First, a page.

All articles

What is a "Likely" Letter? Everything You Need to Know

a son hugs his mother after getting a likely letter


Some students receive noncommittal letters in the mail from colleges or universities. Although they are positive, these likely letters often leave students confused and unsure of how to interpret a school's meaning.

Everything You Need to Know About Likely Letters

If you've received a likely letter, congratulations! We've broken down everything you need to know about them below.

What is a Likely Letter?

Universities and colleges sometimes send out likely letters to top academic and athletic candidates they're interested in admitting. These letters are only sent out to a small number of top-choice students. They are intended to give you an idea of where you stand with the school, so you keep them at the top of your list. 

What Do Likely Letters Look Like?

Every school that sends likely letters uses a slightly different form. These letters can be specific, with a line or two indicating that the student is likely to be admitted in the coming year. This type of likely letter might flatter the applicant and make them feel wanted. 

Some of the other letters are vaguer, possibly extending an invitation to an on-campus event or recommending the student apply to a specific program. Whatever the case, it will be obvious that they singled you out among applicants in an effort to keep you engaged while they finalize their decisions. 

What Do Likely Letters Mean?

Likely letters are meant to be encouraging. If you get a likely letter, you're absolutely one of their strongest applicants. These letters are a college or university’s way of letting you know that you’re in without making it official. This is their way of ensuring themselves as contenders earlier on in your decision-making process.

By flattering you with promising correspondence, the school hopes you'll consider becoming a part of its incoming freshman class. For students who didn't apply for early decision or early action, these letters represent a preemptive yes while acknowledging that the applicant did not expressly apply to that school as their top choice.

Who Receives Likely Letters?

These letters often go to two types of applicants. In the first case, they’re a non-binding and unofficial invitation for student-athletes who are being recruited. Although schools can’t accept these recruits early, coaches usually inform admissions offices of their preferred recruits, after which officers can choose to send likely letters.

In the second case, a likely letter might mean that you have an impressive academic record and are one of the strongest applicants in the pool of applications they have read. These letters offer an affirmative nod that you'll later receive an official acceptance letter from the university.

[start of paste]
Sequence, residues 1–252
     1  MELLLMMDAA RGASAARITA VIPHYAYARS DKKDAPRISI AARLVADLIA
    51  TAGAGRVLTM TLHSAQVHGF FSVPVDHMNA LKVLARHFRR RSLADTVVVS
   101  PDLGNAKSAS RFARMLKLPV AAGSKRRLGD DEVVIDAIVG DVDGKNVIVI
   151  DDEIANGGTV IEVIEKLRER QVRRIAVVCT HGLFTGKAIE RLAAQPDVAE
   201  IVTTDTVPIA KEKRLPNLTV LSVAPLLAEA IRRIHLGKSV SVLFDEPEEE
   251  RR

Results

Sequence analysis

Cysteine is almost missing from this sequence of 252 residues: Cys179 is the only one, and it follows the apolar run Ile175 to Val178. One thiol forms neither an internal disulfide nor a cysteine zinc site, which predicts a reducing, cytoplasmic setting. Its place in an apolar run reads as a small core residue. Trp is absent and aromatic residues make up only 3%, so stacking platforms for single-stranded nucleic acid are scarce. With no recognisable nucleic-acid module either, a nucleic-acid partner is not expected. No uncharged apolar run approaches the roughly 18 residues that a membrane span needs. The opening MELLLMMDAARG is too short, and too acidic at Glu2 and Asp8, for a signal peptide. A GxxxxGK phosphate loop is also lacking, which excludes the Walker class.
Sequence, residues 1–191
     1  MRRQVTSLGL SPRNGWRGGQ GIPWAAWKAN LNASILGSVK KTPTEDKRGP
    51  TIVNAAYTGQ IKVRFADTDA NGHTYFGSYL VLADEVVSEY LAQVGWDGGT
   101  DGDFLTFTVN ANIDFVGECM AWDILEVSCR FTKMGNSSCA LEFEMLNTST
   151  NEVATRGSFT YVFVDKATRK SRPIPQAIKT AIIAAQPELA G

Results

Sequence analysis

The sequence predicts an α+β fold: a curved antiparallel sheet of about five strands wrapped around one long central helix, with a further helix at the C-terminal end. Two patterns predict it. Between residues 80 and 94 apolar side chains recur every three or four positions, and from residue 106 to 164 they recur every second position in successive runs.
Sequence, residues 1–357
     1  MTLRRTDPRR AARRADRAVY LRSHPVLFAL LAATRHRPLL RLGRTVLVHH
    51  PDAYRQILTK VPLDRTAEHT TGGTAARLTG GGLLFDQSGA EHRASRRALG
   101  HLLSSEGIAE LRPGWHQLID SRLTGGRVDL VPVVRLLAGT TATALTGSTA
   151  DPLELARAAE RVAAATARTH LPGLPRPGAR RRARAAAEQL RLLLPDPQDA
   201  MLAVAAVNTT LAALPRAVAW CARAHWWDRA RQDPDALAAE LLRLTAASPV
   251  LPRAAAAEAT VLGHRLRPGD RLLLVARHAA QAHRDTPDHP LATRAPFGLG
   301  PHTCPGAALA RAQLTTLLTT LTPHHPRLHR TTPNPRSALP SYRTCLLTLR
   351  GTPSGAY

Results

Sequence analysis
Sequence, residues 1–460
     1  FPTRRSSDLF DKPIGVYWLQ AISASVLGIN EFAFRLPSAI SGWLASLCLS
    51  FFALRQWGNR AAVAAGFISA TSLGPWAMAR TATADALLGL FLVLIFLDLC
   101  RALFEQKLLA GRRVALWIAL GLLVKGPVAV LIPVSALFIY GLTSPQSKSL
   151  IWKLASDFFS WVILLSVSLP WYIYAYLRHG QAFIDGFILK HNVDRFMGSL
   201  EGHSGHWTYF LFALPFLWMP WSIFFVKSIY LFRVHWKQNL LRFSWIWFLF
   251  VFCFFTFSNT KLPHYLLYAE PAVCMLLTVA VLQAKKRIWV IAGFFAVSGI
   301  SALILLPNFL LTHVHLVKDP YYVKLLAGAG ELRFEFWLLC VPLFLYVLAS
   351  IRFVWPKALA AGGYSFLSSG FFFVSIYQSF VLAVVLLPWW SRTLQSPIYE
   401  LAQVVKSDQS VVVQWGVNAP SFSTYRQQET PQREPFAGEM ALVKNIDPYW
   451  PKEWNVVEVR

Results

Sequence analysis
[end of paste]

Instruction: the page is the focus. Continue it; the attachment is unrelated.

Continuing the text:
In both of these cases, the recipients are among a small number of applicants that receive this type of promissory good news. 

Does a Likely Letter Guarantee Admission?

Unfortunately not. Likely letters don't guarantee admission to a college or university. But they do indicate that the institution sending it is interested in admitting you.

When Are Likely Letters Sent Out?

Likely letters usually come out in early to mid-February, with some outliers coming in March or even in April. Some schools also send them out to students who applied for early action or early decision admission, so those letters could come out as early as December. 

Which Colleges Send Likely Letters?

Although schools don't announce that they send these letters out, it's well-known that the more prestigious universities do. And that makes sense when you think about it. Their admissions process is competitive. If competitive schools extend an offer to a student, they want that student to fill the seat. 

But which colleges are on the list? Experts report that Yale, Harvard, U Penn, Princeton, Brown, Cornell, Columbia, Stanford, Duke, Dartmouth, and the University of Chicago do. 

Likely letters are just one way prestigious schools maintain their highest yield rates. (Yield rate is the percentage of students who accept an offer and enroll at the school. Ivy League schools are known to have the highest yield rates.)

What if You Don’t Receive a Likely Letter?

The vast majority of admitted applicants will not receive a likely letter. Many schools just don't send them. So don't feel discouraged if you haven't received a likely letter.

Make sure you've built your college list and have covered your bases with your applications, and then take some deep breaths and wait.

It's also a good idea to show demonstrated interest in the schools you've applied to. Demonstrated interest means exactly what it sounds like: it demonstrates interest in the college you're applying for. It's also easy to do. By following the school on social media, attending informational sessions and events, and opening and reading your emails from the school, you're showing the admissions team that you're engaged and want to be there. 

Whether You've Gotten a Likely Letter or Not...

If you've received a likely letter, hopefully, it's just a matter of time before official decisions are released and you get the notification. If you haven't received a likely letter, good things are still coming your way! 

Either way, it's time to ensure you have your scholarship and financial aid money lined up. 

Cappex offers a $1,000 easy-apply scholarship every month. There’s no essay or GPA required to apply. Once you create a free account, you can search our up-to-date scholarship database to find additional school cash. Just click the button below to get started. It's always free and easy. 

Want to join our newsletter list? We'll email the best college and scholarship search tips to you monthly.
Create a free Cappex account to find, finance, and attend the college that’s right for you Get Started Now